There was a time when Twitter – and all its potential uses, pros and cons – could be confidently put to one side by businesses. As an agency, we believe it’s sometimes better to give social media a miss if a company or brand is unclear about its campaign messaging and aims, and/or can’t commit to producing regular and relevant content.
But in recent months, Twitter has been setting the news agenda rather than merely reporting and commenting on it. If you want instant, real-time updates or a unique, firsthand perspective on what’s happening, it’s the place to be. Such was the enormity of its role in the recent riots, a Twitter and social media clampdown in times of unrest was mooted. It is having a profound and visible impact on society and, as such, is predicted to be one of the most important digital developments in our lifetime.
Things really started to change in May 2010 with #ashtag. Not only did Twitter break the news about the Icelandic volcano eruption, but it also – through the use of the hashtag labelling convention – enabled people to keep abreast of the situation with real-time updates. Within hours it was a ‘trending’ topic for all those requiring immediate and accurate travel information.
But mass access to instant news and information, without the time delays and filters imposed by the traditional media, has evolved into a very different beast. Now it’s the perspective of firsthand participants that makes news Twitter-style so vivid and real – as an occasion like #RoyalWedding highlights. Vice-versa, the prosecutions for intention to incite violence over #LondonRiots shows its perils.
Even if you’re not one of its 200 million users, chances are you’ve been on the receiving end of breaking news borne from Twitter. Love it or hate it, the site’s infamous ‘tweets’ spread like wildfire – both directly and indirectly, from mobile devices to word-of-mouth to television news – meaning no matter where you are or what you’re doing, Twitter is now a leading source of news and views.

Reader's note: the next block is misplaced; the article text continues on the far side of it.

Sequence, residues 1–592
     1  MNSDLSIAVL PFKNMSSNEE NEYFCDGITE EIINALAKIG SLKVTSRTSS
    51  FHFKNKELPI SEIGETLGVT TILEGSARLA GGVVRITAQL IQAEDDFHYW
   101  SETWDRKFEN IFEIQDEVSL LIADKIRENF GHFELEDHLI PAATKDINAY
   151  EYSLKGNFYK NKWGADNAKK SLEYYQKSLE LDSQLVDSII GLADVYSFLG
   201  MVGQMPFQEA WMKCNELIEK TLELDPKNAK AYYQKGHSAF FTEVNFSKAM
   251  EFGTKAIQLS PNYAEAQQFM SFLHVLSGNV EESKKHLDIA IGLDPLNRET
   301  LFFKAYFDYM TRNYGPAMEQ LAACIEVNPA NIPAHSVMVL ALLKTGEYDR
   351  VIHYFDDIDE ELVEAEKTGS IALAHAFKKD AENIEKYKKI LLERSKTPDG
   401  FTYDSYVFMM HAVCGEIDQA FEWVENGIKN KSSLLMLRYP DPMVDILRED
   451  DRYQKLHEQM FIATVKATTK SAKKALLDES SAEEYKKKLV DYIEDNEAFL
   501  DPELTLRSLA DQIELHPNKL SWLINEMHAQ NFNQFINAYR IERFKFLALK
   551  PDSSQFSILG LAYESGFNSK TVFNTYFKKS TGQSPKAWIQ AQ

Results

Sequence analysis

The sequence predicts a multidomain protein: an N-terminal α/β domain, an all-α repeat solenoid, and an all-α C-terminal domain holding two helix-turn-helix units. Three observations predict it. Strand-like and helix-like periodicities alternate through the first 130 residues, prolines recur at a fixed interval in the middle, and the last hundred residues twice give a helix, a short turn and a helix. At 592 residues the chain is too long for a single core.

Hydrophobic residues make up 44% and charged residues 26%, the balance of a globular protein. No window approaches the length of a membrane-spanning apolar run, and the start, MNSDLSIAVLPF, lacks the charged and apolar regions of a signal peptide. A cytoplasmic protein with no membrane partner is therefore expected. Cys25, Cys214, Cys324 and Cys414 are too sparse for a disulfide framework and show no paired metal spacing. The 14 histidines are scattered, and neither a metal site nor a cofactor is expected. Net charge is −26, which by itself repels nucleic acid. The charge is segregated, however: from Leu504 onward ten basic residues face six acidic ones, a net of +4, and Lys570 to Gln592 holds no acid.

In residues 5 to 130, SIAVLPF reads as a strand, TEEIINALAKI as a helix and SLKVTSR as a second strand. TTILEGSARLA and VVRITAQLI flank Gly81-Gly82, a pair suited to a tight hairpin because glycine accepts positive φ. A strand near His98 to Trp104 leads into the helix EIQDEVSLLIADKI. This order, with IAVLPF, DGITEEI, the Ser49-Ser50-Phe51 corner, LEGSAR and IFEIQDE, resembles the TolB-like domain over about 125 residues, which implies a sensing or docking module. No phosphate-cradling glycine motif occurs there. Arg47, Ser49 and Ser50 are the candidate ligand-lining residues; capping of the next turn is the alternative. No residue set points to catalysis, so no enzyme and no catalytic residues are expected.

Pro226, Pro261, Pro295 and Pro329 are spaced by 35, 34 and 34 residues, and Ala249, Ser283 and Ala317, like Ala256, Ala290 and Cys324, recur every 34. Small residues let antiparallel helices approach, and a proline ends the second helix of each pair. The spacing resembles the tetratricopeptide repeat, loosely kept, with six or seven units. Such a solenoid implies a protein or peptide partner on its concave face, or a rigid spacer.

It’s a powerful mouthpiece with a massive reach. It can make or break situations, celebrities and brands. And if you thought it wasn’t that big a deal before, it certainly warrants your full attention now!
But what lessons can businesses learn from these recent Twitter highs and lows? Should you strike while the iron’s hot and set up that much-talked-about company Twitter account? Or proceed with caution?
If you consider the reasons people and organisations fall foul of Twitter – let’s say, two celebrities starting a spat and, in turn, a reputation-ruining story – they almost always stem from a person typing before they think, without a plan or position. The best things about Twitter? Useful, well thought-out content – a news site giving blow-by-blow coverage of an event, a comedian providing regular laughs, tips on a specialist subject or a place to worship a favourite celeb or brand.
And that’s key – the perfect Twitter account’s raison d’être, and its content thereafter, arises from a clear purpose, plan, message. Those who jump on the bandwagon without some boundaries and a sense of quality-control, do so at their peril.
Twitter presents new challenges for businesses/brands, and the marketing communication agencies that represent them. If you’re thinking of dipping a toe into the Twitter waters (or any social media site, for that matter) it’s important to bear in mind that it is a lasting communication that is representative of your business/brand.
Next time, we’ll explore how an agency can help you formulate and implement a social media strategy, and whose domain this is – digital or public relations.